If you are tired of the USA’s FBAR, Citizenship-Based Taxation (CBT), and FATCA—this is YOUR place.
If you want to make a post of your own, send in a comment with simple instructions. Instead of approving your comment—I will copy paste it in to your own post.
Give your instructions as to whether you want to be anonymous, input a nom de plume, or want to put in your real name
We invite all affected by this nightmare—including those in the banks and governments who have to deal with this mess.
Many people don’t have their own blog site, and many people want to be together on one site.
Post it here.
I’ll do my best to timely put it up and send a twitter announcement!
What follows appeared at the Isaac Brock Society:
United States IRS international revenue officers admit they they have a few problems in “International Collection cases” and really could use Canada’s help.
The IRS difficulties include:
“—The taxpayer could pay, but the IRS was unable to collect the liability because the taxpayer resides in a foreign country.
—The IRS was unable to locate the taxpayer or their assets [Canada’s FATCA agreement should be very helpful.]
—The IRS was unable to contact a taxpayer, and although the taxpayer’s address was known, there was no means to enforce collection.”
The IRS expects to get around these problems in part with a CUSTOMS HOLD:
“International revenue officers can request that a Customs Hold be input into the Treasury Enforcement Communication System (TECS) for delinquent taxpayers.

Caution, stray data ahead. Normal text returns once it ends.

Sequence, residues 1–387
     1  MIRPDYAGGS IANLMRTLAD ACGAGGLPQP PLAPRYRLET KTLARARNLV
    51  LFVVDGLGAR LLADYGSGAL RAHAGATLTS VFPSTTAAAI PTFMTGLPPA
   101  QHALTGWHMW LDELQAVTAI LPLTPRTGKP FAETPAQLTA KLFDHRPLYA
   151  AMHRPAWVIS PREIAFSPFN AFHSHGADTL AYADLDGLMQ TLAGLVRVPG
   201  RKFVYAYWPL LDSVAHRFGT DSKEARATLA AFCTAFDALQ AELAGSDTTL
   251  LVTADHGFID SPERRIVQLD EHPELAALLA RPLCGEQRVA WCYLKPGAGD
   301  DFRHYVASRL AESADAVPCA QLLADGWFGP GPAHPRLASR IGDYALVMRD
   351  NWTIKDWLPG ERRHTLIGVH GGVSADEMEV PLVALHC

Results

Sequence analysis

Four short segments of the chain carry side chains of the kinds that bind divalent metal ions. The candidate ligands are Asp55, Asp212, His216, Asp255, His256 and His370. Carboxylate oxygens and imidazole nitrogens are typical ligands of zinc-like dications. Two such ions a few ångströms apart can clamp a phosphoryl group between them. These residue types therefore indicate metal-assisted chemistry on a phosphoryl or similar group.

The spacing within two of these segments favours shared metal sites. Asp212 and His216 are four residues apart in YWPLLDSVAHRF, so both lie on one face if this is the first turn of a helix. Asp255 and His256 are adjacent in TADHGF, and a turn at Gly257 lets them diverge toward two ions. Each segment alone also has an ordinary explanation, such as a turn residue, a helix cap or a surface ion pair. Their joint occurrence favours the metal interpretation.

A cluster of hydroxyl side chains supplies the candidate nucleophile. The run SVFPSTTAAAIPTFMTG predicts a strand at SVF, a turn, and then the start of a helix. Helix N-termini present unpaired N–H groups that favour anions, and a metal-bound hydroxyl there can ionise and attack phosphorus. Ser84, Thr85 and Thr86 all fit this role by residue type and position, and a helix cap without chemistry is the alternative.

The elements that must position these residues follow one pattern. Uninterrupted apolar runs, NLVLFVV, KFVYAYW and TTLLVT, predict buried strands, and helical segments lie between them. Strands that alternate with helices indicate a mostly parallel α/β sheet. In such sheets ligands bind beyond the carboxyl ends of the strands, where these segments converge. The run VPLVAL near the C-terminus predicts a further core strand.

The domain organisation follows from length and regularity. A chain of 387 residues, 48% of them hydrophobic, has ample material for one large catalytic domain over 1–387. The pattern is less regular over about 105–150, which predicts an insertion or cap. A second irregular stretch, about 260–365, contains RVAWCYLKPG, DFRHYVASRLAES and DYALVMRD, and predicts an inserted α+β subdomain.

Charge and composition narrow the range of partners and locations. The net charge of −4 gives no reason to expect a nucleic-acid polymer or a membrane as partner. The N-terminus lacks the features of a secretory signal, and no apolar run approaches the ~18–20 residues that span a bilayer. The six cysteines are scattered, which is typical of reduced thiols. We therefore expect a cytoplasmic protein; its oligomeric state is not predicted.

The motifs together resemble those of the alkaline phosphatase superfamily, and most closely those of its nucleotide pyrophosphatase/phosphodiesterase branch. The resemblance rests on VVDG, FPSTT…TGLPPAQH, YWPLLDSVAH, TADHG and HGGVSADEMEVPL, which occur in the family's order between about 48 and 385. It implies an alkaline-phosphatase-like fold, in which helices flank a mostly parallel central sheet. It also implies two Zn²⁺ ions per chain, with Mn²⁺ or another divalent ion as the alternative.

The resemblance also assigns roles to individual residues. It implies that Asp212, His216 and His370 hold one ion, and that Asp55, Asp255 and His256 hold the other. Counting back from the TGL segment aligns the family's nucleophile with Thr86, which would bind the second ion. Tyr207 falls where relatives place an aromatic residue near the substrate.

Once the taxpayer is on the TECS, the U.S. Department of Homeland Security (DHS) notifies the IRS whenever the taxpayer travels into the United States [Last week a Canadian notified me that this threat was made to him by an IRS official — He and I wondered why Homeland Security would be involved. Now we know.]
During our interviews with a judgmental sample of 15 international revenue officers and all five group managers, many identified the Customs Hold as one of the most effective enforcement tools available to them in dealing with delinquent international taxpayers. International revenue officers use information obtained through a Customs Hold to attempt to contact the taxpayers while they are in the United States and/or locate the taxpayers’ assets.”
The Canadian government also wants to help the United States collect money from “delinquent” Canadian citizens resident in Canada by helping the U.S. enforce the FATCA law. It agreed to do this only because it is afraid of economic retaliation by the United States.
The article referenced in the above tweet is largely about Americans trying to thrive as expats in China (from a personal and business perspective). It appears to be written from a “China centric perspective”. The article and comments reinforce what Roger Conklin has been saying for years:
“U.S. policies and culture hurt the ability of Americans and American companies to compete internationally. We all (with the exception of the U.S. Government: Robert Stack edition and “don’t let the door hit you on the way out” Homelanders) know this. But, it’s interesting to see aspects of this issue discussed.